I read a story last week about life. It was a simple story, written in easy to understand words and articulated from the perspective of a “fairy”. Yes, you read that right. A fairy.
During the days that followed, I was often pulled back into the “fairy story” thinking about the choices we make, the corners we turn and fragility of life. I know that all this sounds pretty lofty and esoteric, but through the eyes of the narrator (the fairy), the reflective moments illustrated by the tale hit my head with a thump … and I can still feel the “ouch”.
Yes, a year makes a difference …
Through the course of my work as a Healing Conversationalist, I’ve discovered that much of what catches our time and attention depends on who we are “now” and what we are wrestling with in our life.
For example, the reason this particular story (The Imagined Story Behind Leonard Cohen’s “Suzanne” by Michael Cunningham), appealed to me so much because I’m in a reflective period of my life.
Would this story have had the same impact this time last year? I think not. Last year, I was focused on a Canada/USA move, so stories about packing (moving energy) gobbled up my attention.
This year, I’m in a self-imposed reflective cocoon, so the truth shared in the fairy story, combined with the whimsy of the narrator, intrigued me. It catapulted my thoughts into another realm and posed life questions I hadn’t thought in a long time. On a soul level; the story helped me figure out some of life’s unexpected twists and turns, gains, and losses.
Questions to ask yourself …
I feel we are often deeply attracted to stories and quotes that hold the “energy” of what our souls are longing to address and express. The trick is to be mindful of this self-reflective gift and have the presence of mind to ask ourselves challenging (and potentially life-changing) questions.
For example, if someone is struggling with leaping into the unknown, they might be drawn to the famous John Sheed quote: “A ship in harbor is safe — but that is not what ships are built for.”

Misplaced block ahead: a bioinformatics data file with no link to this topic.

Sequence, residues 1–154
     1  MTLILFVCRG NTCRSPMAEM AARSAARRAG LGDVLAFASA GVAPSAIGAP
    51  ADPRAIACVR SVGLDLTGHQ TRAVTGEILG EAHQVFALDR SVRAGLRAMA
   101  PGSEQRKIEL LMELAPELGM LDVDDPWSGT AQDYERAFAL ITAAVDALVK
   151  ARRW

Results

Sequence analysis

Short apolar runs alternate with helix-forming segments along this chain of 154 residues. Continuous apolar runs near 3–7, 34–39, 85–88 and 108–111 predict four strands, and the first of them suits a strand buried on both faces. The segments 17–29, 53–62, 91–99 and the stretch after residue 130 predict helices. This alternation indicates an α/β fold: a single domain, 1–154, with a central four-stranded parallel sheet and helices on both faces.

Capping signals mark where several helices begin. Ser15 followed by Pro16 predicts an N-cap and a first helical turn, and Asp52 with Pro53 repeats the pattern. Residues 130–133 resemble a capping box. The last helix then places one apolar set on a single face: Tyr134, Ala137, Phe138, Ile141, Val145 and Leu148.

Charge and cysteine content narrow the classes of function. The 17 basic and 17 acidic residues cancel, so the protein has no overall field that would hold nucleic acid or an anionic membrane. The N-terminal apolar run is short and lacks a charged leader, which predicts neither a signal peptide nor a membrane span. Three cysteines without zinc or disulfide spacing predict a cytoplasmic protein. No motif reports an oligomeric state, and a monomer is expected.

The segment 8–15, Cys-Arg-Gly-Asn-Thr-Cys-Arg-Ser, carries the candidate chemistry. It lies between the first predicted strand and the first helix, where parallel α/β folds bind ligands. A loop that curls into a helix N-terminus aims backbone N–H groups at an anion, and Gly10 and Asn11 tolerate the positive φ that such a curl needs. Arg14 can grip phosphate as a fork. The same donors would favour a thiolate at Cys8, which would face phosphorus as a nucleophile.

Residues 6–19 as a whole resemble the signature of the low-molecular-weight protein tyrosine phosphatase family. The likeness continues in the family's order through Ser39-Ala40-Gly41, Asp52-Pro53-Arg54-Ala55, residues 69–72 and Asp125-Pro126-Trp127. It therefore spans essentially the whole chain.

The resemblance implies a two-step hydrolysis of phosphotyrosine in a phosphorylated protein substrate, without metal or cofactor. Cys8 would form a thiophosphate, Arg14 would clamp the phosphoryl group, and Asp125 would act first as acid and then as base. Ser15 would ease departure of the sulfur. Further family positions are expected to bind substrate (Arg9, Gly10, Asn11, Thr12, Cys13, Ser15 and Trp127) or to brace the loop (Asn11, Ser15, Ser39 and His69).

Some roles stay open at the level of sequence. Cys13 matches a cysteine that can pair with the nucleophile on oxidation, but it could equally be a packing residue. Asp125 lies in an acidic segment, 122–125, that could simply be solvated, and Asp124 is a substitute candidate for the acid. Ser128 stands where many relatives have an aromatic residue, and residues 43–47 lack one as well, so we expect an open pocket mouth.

Three self-reflective questions could be:
- If I’m the ship, what is the safe harbor?
- How does staying in the safe harbor serve me?
- What am I built for?
Or, if you desire to make a big change in your world, but feel small and insignificant, bumping into The Hummingbird story (below) might touch your heart and trigger a flood of possibilities.
The Hummingbird Story
“The world was burning and all the animals were running from the fire in terror. Then, a lion turned around and noticed a hummingbird dipping its beak into the water and flying over the burning embers again and again. The lion laughed and shouted at the hummingbird: “You are so little, what are you doing?” The hummingbird simply answered: “What I can.” With that the lion paused, turned around, and began to help the hummingbird; soon the other animals joined in. Eventually, the fire was put out and the natural balance of the Earth was restored.” – Author Unknown
If you were the hummingbird, three self-reflective questions could be:
- The hummingbird is small, yet determined. What is fuelling its purpose?
- Why did the lion laugh; and how did the hummingbird react to being mocked?
- Were you surprised when others joined in and helped the hummingbird? Why?
And for the procrastinator, being attracted to this quote might offer a much-needed jolt into action: “There are seven days in a week. “Someday” isn’t one of them.” – Author Unknown
Here are three self-reflective questions:
- What have I put on the back burner that needs to be on the front burner?
- What am I waiting for?
- I’m holding myself back. How does this serve me?
Be open. Be mindful. Pay attention.
Of course, there are many other self-reflective questions you could ask yourself. The ones above are offered, for your consideration. They are designed to get you started.
As shared earlier, observations from my work have shown me that there is often a direct correlation between compelling stories and quotes that capture our attention “in the moment” and what we have an opportunity to experience (and learn from) on a soul level.
Be open. Be mindful. Pay attention.
Enjoy the day!
Mildred Lynn McDonald is a Healing Conversationalist; or a person who is good at or fond of engaging in conversation about becoming sound, whole, and healthy again. She is the host/producer of four soulful, personal development podcasts.
Opportunities to connect on LinkedIn are welcome and appreciated!